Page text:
Penny Maps

Johnston Invoice

Came across this at a recent ephemera fair – an 1897 invoice (on their own watermarked paper) from the well-known publishers of maps and atlases, W. & A. K. Johnston, for a bundle of 195/180 penny maps.  The business was founded in Edinburgh by the engravers Sir William Johnston (1802-1888) and his younger brother Alexander Keith Johnston (1804-1871) and continued after their deaths by a third brother, Thomas Brumby Johnston (1814-1897) and by his sons in turn – an extraordinarily successful family sufficiently well-documented not to need further examination here.

But who was the customer – Mr John Hawthorn of Uppingham in Rutland?  And why 195/180 penny maps?  He was in fact a trade customer, a bookseller and printer with a shop on the High Street in Uppingham.  And (you may have to have been born pre-decimal coinage to figure this out), but his order was evidently for fifteen dozen maps at the trade price of 8d a dozen.  And the Johnston firm evidently allowed a “baker’s dozen” overage of a free map for every dozen ordered – hence 195 maps billed as 180 and a total price of ten shillings (50p in modern money or 120 old pence).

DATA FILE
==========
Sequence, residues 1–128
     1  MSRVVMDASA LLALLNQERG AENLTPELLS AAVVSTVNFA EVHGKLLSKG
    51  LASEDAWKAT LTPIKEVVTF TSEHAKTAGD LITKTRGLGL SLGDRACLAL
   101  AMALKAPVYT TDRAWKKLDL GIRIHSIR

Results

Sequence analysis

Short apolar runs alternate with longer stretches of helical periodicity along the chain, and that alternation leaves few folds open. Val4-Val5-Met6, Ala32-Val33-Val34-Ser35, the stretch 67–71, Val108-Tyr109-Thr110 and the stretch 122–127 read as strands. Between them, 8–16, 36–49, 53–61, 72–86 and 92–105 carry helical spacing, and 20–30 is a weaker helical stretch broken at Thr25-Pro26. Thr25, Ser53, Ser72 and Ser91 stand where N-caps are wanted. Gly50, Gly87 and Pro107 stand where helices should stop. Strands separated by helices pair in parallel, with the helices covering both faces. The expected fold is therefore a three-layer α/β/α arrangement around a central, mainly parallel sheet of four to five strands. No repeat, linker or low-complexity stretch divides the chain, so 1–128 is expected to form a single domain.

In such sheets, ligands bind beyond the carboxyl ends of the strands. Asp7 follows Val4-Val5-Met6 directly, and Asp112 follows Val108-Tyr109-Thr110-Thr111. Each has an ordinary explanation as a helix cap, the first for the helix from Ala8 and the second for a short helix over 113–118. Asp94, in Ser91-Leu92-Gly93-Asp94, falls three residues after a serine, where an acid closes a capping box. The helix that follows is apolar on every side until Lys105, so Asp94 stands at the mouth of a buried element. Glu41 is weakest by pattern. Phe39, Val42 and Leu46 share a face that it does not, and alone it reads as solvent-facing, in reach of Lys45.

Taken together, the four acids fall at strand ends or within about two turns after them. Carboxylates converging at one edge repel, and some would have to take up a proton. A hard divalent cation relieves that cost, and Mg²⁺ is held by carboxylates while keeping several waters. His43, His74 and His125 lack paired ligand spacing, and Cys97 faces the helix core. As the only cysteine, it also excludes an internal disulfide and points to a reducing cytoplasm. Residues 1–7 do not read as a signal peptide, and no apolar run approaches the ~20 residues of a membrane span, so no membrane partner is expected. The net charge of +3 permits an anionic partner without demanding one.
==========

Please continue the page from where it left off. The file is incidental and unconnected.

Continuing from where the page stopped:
Hawthorn was born in Stafford in 1828 on 9th November 1828 and baptised at the local church of St. Chad two days later – the son of John Hawthorn and his wife Maria Dickinson or Dickenson, who had married in 1825.  In 1841 he was living with his mother and siblings in Eastgate Street, Stafford – next door to John and William Drewrey, printers, who may perhaps have provided his early training.  He subsequently moved to Uppingham, where he worked from 1853 for Charles Wellington Oliver, bookseller, printer and stationer.  When Oliver gave up the business in April 1854 (in a slightly unusual career switch he subsequently became the lessee of the Assembly Rooms in Bath),  John Hawthorn took over, aged just twenty-five, buying the premises at 6 High Street East (which had been a bookshop since about 1720) later that year.  An announcement in the “Lincolnshire Chronicle” assured the local “nobility, clergy, gentry and inhabitants generally” of his experience in the various branches of the business, as well as his punctuality and attention to their needs.  By 1857 he was advertising for an apprentice of his own (“churchman preferred”).  In 1861 he married Sophia Dickenson, also from Eastgate Street in Stafford, the daughter of a grocer and ironmonger, and probably related to his mother’s family.